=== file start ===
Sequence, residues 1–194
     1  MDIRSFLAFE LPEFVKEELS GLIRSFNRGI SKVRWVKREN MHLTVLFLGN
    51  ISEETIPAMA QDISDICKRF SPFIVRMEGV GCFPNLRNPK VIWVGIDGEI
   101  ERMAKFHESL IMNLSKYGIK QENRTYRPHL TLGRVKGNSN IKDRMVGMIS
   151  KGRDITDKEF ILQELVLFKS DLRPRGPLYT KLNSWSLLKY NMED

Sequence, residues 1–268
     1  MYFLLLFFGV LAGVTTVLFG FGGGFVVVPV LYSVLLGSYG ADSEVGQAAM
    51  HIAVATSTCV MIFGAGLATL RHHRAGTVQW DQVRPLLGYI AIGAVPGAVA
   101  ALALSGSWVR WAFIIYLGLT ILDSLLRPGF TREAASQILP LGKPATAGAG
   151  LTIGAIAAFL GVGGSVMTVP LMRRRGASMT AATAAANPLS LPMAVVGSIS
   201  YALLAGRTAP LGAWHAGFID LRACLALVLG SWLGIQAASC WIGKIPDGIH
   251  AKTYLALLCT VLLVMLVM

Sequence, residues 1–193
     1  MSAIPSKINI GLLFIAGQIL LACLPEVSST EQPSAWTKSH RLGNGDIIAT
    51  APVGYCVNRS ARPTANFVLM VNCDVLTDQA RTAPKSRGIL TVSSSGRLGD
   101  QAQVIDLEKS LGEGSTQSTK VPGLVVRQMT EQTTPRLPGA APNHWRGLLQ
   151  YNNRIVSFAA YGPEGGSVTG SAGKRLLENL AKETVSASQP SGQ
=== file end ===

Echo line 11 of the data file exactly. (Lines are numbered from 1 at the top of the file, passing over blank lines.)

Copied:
   201  YALLAGRTAP LGAWHAGFID LRACLALVLG SWLGIQAASC WIGKIPDGIH